Content marketing in a world of wearables

Do wearables really have the power to change how we think about content marketing, and what impact might this have on our approach?

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Much like everything in the digital world, content marketing is always evolving, and if you’re not prepared for what’s coming next, you risk being left behind.

Over the last few years, successful content marketing has involved a handful of major changes including the prioritisation of mobile-friendly content, along with the rise of video and live streaming, but there have been few major disruptions.

Now, as we settle into the new year, it’s possible that content marketing as we know it may all be about to change, thanks to wearable technology. With sales expected to reach 130 million units by 2018 and a projected growth of 35 percent annually until 2019, the wearables market, is expanding like nobody’s business.

Even though in many cases, wearables are just more compact versions of our beloved mobile devices, there are some critical differences that may have the power to reshape how we think about content marketing;

How wearables might affect content marketing

Micro content

As marketers, we’re familiar with the process of taking a lengthy message and adapting it to suit various platforms, and this will become more important in the age of wearables. Whilst a desktop computer or tablet can display an entire article at length for readers to navigate, this level of access is something that cannot be achieved with the tiny screens and limited functionality of a wearable device.

This doesn’t mean written articles are going away anytime soon, but rather that the ROI on such content may begin to weaken as more and more users come into conflict with smaller interfaces. Users will instead seek more micro content that offers them instant gratification to their requirements. As a result, articles need to be even more concise.


Alternative mediums

The 500ish word article has been the bread and butter of content marketing since the dawn of its time, but as the wearable technology market grows and users demand more immediate outcomes, content marketing in the wearable world will likely go beyond the written word to include include more graphic, video, hologram and AR content, enabling the communication of complex messages in bite-sized chunks.

Content creation and consumption will have to evolve to accommodate the multiple forms of input and output interactions. We’ve already started to see this happen with video and image content across mobile devices, and although holograms and VR may all seem a little too futuristic right now, technology does move fast, and we never truly know exactly what is coming our way.

How and when these trends might emerge is unknown, but now more than ever, it’s vital to stay on top of industry news and updates, paying particular attention to the adoption of wearables within your core demographics. When it comes to technology, those who adapt the fastest will typically wade through the competition to gain loyalty first, so acting early on will put you in a favourable position, especially as wearables are gradually becoming more mainstream.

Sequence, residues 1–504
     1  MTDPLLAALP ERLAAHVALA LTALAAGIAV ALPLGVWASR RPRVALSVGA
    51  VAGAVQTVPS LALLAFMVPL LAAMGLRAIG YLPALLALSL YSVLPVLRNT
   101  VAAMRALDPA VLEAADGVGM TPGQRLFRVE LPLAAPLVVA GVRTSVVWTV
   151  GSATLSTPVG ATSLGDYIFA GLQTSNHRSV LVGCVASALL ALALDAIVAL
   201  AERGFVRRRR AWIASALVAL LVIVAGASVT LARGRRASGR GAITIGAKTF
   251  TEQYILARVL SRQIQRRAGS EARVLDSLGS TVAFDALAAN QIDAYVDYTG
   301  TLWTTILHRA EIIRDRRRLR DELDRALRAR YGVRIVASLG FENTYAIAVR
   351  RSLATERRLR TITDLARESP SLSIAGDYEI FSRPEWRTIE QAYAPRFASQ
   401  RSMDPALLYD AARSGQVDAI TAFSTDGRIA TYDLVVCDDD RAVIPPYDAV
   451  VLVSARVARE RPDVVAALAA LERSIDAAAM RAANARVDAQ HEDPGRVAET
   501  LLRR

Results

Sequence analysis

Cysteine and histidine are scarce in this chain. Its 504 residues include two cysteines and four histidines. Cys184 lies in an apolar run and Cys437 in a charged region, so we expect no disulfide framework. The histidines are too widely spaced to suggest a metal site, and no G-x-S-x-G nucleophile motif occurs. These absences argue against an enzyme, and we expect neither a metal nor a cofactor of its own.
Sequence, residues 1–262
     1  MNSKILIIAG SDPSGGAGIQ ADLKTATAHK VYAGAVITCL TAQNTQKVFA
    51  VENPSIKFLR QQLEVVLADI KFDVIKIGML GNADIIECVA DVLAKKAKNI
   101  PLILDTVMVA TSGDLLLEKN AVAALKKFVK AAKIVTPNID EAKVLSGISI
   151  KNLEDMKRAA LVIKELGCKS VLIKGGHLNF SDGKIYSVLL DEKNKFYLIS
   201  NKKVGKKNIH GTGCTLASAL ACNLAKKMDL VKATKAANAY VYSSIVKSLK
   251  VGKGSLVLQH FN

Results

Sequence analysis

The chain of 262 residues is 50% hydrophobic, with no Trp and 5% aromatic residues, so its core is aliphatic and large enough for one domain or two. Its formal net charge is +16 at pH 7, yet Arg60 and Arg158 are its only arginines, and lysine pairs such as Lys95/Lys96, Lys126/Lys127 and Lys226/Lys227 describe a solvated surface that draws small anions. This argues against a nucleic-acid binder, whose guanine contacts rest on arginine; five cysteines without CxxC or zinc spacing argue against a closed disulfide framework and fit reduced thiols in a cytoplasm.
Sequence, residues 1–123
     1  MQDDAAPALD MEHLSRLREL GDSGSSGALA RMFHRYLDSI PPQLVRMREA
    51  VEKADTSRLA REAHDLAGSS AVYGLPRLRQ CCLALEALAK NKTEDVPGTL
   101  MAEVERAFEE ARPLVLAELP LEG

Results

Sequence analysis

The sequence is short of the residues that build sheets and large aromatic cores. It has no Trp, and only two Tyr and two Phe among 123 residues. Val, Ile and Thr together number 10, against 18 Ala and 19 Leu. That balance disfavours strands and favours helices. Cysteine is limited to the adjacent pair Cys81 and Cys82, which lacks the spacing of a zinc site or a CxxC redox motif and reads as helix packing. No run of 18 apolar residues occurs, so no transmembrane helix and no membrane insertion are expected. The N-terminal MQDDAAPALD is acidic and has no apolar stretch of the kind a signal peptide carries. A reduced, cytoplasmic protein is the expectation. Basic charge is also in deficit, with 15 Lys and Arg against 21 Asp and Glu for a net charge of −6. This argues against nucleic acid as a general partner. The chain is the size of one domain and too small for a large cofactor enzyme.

Turning up the volume of audio content

Last year, podcasts saw a major resurgence in popularity. It appears that people are increasingly listening to podcasts rather than music while commuting or out and about, binging hours of them at a time, as they do on Netflix.

This, combined with the fact an interface isn’t needed to engage with audio content, suggests that this is a bandwagon marketers might want to jump on, in order to broaden their strategy and engage with those who are using wearables.


Hyper local content

Local SEO played a big part in 2016 strategies, and this isn’t going to slow down anytime soon. Wearable tech, however, will take this localised content to the next level, specifically to include individual streets, landmarks, and buildings (rather than focusing on an entire town or city).

How this develops in the future remains to be seen, but there will no doubt be a craze for content that pops up and springs to life when a user enters a specific physical location. Users will covet more immediate experiences that are shaped by their current and past location, and wearable technology enables content marketers to deliver them. Imagine a bricks and mortar shop providing an interactive map to help customers find specific products as soon as they walk in the door. This is the sort of thing savvy consumers will come to expect as wearable tech grows in popularity.

Blurring physical-digital lines

Whilst smartphones and tablets allow users to interact with the surrounding environment on the go, wearables actually serve to be an extension of the user, blurring the lines between tech and reality. A marketing goal in the era of wearable tech is going to be prioritising content that has a seamless interactive element.

The existing distinction between physical and digital realities is inevitably going to become even more muddled, especially with the growing adoption of AR and VR. Future interfaces may allow users to consume content in exciting new ways that marry with the real world, and the demand for more interactive content experiences will gain traction at an alarming rate.


Preparing for the future of content marketing

The wearable world is certainly fascinating, albeit a little terrifying, too. The good news is, content marketing as we know it isn’t going to fall off the face of the earth entirely. Our strategies will of course continue to evolve, but our tactics will not become redundant. The future of wearable tech isn’t exactly predictable, so it would be smart to have a few ideas in the bag, but it’s absolutely not going to be the be all and end all.

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